Negotiation is a topic never mentioned in medical school and I am surprised at how the basic concepts don't seem to penetrate, much to the great pleasure (with likely some back room jokes) of hospital administrators.

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  • Docbeans
    replied
    Thank you very much for responding WCI and PoF! It seems that per patient rates are not common at all. However, I am not sure I understand WCI’s suggestion to negotiate for >100% of CMS rates. Here’s my thinking: Say their hospital census on any given day is 50. They are able to see the sickest 35 and only check labs, etc for 15- which they are not able to bill for. If I come in and help them out, all 50 are seen and billed for. But this only makes sense for them if they pay me <100% of the money they were leaving on the table, i.e., 15 x avg reimbursement/pt (we are assuming CMS is avg). What am I missing?

    Leave a comment:


  • PhysicianOnFIRE
    replied
    I have not heard of a per patient rate, either.  Locums rates for anesthesiologists have been in the $150 to $200 an hour range and steady for the last 10 years.  I have not seen more than $250 / hour for overtime.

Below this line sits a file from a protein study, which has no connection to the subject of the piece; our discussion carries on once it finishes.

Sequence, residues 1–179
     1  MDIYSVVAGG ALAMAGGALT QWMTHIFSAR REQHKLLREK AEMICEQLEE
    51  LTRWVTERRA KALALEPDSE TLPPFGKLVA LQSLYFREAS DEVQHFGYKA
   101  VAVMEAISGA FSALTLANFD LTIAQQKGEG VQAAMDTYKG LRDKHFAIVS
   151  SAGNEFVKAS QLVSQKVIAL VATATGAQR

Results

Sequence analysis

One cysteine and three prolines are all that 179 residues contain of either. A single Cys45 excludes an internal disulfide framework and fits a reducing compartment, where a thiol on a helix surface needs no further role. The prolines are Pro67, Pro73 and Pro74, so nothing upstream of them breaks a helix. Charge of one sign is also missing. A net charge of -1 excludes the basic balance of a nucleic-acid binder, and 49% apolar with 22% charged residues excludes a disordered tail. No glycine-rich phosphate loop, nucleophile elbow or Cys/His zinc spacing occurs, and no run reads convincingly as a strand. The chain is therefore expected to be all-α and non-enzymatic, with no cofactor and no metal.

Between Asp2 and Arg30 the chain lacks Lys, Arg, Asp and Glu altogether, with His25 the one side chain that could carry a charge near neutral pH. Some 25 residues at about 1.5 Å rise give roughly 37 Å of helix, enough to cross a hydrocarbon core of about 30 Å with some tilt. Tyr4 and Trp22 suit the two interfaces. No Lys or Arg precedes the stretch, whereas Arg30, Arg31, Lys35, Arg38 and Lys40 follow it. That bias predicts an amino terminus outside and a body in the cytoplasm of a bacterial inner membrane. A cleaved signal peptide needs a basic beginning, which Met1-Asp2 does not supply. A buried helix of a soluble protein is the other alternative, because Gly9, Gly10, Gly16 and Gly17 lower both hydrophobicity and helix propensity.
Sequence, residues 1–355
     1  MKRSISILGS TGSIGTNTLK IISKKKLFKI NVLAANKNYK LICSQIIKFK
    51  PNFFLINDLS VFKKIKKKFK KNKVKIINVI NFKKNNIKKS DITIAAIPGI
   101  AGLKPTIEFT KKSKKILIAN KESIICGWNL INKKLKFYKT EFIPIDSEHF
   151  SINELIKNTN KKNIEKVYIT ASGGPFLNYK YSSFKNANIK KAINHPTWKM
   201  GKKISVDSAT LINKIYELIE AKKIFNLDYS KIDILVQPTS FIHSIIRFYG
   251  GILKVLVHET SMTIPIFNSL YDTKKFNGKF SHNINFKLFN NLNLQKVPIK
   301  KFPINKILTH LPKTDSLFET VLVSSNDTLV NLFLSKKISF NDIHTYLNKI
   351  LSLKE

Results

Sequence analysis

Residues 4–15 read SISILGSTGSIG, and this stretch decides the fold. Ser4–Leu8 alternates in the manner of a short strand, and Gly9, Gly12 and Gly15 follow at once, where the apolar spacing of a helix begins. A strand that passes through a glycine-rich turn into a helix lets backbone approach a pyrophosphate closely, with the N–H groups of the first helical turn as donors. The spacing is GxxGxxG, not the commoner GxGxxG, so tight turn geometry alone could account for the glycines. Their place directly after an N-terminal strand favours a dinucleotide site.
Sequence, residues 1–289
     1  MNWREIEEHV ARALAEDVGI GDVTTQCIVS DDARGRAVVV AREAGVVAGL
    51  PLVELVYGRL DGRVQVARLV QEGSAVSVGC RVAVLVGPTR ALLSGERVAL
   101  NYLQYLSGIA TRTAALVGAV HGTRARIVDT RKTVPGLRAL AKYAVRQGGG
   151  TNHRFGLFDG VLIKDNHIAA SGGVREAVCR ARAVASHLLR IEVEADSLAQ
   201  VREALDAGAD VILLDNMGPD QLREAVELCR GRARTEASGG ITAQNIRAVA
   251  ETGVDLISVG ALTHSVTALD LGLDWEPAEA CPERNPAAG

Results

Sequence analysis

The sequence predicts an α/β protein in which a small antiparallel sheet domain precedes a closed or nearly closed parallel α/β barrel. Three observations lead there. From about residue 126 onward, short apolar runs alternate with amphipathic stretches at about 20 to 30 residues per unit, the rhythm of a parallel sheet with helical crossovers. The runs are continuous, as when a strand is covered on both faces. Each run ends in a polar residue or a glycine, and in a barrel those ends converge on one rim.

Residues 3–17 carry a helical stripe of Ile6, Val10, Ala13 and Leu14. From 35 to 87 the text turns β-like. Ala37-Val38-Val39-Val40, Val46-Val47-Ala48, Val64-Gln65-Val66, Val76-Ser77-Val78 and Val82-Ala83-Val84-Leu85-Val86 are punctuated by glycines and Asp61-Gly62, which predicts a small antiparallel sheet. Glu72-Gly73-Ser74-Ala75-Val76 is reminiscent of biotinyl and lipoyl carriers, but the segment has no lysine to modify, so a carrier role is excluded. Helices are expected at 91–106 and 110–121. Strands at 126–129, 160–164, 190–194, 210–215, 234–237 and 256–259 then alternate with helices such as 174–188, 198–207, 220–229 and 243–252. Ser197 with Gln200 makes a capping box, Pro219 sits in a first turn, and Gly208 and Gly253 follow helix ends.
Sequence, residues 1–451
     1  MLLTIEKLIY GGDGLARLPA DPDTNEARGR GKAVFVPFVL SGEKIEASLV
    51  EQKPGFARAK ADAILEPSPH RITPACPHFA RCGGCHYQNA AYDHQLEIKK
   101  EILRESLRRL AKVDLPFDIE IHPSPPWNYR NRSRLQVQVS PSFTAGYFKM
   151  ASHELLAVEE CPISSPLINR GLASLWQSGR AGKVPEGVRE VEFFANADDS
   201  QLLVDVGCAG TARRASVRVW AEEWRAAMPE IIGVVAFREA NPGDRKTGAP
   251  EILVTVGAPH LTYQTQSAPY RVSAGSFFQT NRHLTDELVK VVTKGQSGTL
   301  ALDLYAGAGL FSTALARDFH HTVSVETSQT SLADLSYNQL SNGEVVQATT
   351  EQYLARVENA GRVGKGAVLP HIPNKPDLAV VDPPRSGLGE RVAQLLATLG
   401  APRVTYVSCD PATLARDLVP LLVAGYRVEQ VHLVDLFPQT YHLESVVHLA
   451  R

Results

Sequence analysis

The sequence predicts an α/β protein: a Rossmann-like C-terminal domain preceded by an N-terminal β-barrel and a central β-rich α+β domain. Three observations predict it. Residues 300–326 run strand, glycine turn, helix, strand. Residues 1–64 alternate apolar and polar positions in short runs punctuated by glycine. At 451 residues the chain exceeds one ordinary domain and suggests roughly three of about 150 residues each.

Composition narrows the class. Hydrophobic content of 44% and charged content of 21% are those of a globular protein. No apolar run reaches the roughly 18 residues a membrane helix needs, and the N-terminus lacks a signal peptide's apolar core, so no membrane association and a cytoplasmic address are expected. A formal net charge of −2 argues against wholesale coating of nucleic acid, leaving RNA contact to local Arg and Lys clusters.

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  • The White Coat Investor
    replied
    Never heard of per patient rates. In emergency medicine, almost all moonlighting/locums type gigs are on an hourly basis and rates range from $75 to $600 an hour, depending on how desperate a place is. Imagine Podunk USA, a new contract with a corporate EM group, on the overnight shift for Christmas Eve. That's where the $600 rate comes in. More typical rates are $150-300/hour.

    In your case, you can charge whatever the market will bear. I like the idea of charging the group you're moonlighting for so you don't have to bill yourself. But obviously you want that rate to be as high as possible. Why not start at CMS rates + 25%-50% and see if they bite. If they negotiate you down to 75% of CMS rates, well, you're no worse off than the other guy.

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  • Docbeans
    started a topic Moonlighting rates

    Moonlighting rates

    Hi all, not sure if this is an appropriate question for this forum, but will ask nonetheless....I am  looking into options for part-time work and thinking of moonlighting for practices in town in my specialty-nephrologist here-at least to begin with. Wondering if anyone can give me an idea of moonlighting rates per patient, not per unit time. Since reimbursements for in-hospital consults/follow-ups are the same in all medical specialties, is there a "going rate" for this? I know 1 IM doc who does this and charges 75% of CMS rates for every pt, regardless of insurance (it evens out over the long term) and the practices bill for her. No benefits, and she pays for her own malpractice. My online search on this topic revealed only per diem rates- which are obviously widely different in different specialties- though I coudn't find that information specifically for nephrology- only for IM (other subspecialties- cardiology/GI/EM, etc had far more info on them). I found absolutely nothing on per pt rates. Does it sound reasonable?

    Thanks in advance!